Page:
International Women in Science Conference

Speakers

Ragnhild Sohlberg

Ragnhild Sohlberg
Ragnhild Sohlberg

Ragnhild Sohlberg is the vice-president of Norsk Hydro, Norway. She has a B.A. and an M.A. in Economics from the University of Wisconsin from 1973 and 1974, respectively, and an M.Phil. and a Ph.D. in Policy Sciences from the (Pardee) Rand Graduate School in California from 1976 and 1980, respectively. She was a researcher with the Rand Corporation in California from 1974to 1978 and an Assistant Professor at the Naval Postgraduate School in Monterey, California from 1978 until 1981. Subsequently she was a Visiting Researcher at the Swedish Defense Research Institute (FOA 1) in Stockholm from 1981 until 1982.

After returning to Norway in 1982, Ragnhild Sohlberg was initially employed by AS NEBB (Norsk Elektrisk and Brown Boveri) from 1982 to 1984. After a brief period at the Norwegian National Technical Research Fund, she was "head hunted" to Norsk Hydro ASA where she has been since 1985. Ragnhild has lectured at the Military Staff Colleges in Norway, from1980 to 2005 and in Lebanon in 1980, and she was Adjunct Professor at the Norwegian School of Management from 1993 until 2002.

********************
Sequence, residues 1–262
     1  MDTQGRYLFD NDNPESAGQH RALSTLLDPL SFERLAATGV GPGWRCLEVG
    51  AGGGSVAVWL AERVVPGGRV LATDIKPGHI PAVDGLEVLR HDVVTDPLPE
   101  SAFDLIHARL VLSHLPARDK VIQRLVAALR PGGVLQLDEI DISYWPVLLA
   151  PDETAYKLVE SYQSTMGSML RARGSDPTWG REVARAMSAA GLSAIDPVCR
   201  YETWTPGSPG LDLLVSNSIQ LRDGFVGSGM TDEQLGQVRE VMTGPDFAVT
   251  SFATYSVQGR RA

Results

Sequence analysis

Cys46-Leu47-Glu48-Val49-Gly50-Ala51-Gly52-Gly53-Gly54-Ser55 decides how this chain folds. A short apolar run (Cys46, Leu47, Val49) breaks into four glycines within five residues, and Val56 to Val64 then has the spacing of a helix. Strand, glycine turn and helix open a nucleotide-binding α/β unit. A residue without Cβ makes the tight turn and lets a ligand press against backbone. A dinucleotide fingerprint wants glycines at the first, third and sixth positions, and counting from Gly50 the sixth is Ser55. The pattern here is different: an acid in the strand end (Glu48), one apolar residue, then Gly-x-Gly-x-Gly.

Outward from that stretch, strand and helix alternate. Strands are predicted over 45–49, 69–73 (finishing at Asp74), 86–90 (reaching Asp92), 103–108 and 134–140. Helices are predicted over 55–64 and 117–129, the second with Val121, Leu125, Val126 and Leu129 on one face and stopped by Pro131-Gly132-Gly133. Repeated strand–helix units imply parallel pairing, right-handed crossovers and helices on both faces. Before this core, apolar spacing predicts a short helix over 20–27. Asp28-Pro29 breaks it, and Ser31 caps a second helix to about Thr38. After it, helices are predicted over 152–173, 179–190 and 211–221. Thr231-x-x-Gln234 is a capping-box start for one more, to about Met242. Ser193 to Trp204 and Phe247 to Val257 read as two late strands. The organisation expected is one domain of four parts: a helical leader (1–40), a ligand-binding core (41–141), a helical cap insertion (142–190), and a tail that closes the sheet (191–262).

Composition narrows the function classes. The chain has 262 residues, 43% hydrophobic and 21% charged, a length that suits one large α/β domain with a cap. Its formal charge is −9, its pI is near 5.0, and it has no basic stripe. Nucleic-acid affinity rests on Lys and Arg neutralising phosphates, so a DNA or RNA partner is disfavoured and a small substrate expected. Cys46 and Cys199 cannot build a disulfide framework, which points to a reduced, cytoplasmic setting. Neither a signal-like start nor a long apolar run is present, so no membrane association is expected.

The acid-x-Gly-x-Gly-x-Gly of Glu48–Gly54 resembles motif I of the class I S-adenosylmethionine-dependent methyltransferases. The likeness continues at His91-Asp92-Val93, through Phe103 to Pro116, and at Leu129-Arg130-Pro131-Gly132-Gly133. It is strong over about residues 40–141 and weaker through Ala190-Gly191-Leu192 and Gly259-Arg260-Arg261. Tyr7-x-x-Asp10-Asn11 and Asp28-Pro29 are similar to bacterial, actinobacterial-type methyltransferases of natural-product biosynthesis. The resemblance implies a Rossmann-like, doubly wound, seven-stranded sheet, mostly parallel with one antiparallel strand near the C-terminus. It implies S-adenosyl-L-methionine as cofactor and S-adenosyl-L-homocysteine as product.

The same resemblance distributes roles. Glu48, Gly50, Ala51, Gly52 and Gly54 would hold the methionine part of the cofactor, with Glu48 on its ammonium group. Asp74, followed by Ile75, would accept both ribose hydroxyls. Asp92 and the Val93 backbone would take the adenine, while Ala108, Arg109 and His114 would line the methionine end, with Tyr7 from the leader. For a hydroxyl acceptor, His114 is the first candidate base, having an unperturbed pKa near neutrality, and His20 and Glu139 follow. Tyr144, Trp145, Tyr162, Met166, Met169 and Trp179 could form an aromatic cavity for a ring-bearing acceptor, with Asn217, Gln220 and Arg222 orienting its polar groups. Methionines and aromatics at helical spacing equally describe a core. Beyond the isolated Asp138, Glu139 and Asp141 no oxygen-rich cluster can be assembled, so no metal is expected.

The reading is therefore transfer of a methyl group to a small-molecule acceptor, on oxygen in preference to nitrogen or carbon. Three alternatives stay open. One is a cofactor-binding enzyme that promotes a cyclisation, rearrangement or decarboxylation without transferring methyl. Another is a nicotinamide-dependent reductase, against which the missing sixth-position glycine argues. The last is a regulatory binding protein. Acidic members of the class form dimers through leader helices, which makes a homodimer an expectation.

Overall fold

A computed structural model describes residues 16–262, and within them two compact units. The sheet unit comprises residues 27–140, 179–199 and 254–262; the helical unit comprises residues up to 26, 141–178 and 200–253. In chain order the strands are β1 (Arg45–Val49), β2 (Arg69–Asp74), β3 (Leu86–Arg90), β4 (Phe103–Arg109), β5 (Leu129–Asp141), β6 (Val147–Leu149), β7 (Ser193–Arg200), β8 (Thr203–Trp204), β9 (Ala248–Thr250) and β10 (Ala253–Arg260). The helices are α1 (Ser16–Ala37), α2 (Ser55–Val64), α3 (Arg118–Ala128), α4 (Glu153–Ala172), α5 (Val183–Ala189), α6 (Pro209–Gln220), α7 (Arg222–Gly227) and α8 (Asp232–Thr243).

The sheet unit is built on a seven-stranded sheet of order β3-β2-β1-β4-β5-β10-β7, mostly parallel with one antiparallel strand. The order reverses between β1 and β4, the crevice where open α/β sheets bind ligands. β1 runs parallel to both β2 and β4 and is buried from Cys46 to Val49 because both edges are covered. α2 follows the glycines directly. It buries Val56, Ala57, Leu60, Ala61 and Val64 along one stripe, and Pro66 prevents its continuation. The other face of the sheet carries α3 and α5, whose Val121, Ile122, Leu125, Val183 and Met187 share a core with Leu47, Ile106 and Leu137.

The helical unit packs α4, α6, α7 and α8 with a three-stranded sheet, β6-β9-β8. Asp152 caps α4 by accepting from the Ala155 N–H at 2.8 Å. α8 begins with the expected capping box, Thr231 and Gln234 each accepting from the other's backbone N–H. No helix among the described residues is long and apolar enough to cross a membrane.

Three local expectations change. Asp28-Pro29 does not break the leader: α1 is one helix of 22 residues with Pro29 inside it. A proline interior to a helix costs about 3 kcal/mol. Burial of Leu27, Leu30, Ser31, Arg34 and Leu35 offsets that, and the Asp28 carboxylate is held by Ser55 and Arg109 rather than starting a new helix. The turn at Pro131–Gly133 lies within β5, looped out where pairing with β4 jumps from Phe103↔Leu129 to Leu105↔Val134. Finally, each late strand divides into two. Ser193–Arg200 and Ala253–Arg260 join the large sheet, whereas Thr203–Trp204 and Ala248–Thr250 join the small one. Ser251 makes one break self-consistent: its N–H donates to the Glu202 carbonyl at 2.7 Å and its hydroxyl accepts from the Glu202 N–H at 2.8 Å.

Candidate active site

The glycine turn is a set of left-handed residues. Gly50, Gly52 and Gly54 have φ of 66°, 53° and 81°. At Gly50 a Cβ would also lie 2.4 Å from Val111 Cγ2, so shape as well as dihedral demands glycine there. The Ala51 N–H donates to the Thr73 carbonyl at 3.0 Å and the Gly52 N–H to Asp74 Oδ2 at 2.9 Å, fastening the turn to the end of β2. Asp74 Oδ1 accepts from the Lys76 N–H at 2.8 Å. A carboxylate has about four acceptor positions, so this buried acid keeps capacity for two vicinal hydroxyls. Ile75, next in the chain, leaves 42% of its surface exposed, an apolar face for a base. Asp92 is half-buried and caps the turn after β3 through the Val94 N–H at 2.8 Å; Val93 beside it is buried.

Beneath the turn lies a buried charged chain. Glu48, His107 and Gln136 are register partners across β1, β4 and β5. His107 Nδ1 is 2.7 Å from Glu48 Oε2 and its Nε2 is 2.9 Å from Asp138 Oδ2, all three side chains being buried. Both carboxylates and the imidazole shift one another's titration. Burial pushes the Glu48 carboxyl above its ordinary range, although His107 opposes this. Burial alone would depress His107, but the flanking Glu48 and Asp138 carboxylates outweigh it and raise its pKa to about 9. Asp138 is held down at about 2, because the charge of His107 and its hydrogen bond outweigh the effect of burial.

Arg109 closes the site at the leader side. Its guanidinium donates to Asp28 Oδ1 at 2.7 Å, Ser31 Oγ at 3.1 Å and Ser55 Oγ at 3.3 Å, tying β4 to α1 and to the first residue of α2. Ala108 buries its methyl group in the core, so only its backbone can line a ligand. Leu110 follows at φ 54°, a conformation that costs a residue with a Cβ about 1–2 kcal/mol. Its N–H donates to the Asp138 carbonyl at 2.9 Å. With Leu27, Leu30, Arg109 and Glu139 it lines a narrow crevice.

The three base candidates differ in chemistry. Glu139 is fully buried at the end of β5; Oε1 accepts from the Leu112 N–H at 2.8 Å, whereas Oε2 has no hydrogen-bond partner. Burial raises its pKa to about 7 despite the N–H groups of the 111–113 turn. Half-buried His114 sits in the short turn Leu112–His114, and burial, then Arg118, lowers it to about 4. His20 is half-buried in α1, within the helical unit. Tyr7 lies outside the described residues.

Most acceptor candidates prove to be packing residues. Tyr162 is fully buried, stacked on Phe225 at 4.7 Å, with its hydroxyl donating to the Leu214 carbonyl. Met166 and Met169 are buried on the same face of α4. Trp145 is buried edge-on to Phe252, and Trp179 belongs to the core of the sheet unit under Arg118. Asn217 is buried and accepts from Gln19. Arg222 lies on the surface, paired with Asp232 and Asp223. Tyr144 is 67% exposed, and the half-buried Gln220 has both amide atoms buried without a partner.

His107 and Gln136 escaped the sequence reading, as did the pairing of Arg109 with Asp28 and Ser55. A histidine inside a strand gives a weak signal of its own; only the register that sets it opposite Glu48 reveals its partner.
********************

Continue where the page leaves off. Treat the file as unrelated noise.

She has had more than 60 appointments on boards and commissions in Norway and abroad, including in companies and for the Lillehammer Olympics (1990-94). She was Board Chair of one of the Consultative Group of International Agricultural Research (CGIAR) research institutes in India and Africa from 1994 to 2001, and was Scientific Secretary for the European Research Advisory Board (EURAB) from 2001 to 2006. She participated in the Confederation of Norwegian Business and Industry's project for "More Women into Leadership Positions" and their mentor program, and in Ford Foundation's "Looking Backwards to Go Forwards: Work-Personal Life Integration in Seven Countries". She was joint chair of the European Commission's Women in Industrial Research (WIR) initiative.

She has currently 10 appointments in universities and research institutes, including at KILDEN, an information and documentation centre for gender research. She is also active in recruitment to science and technology and is a frequently sought lecturer and speaker both in Norway and abroad.

Abstract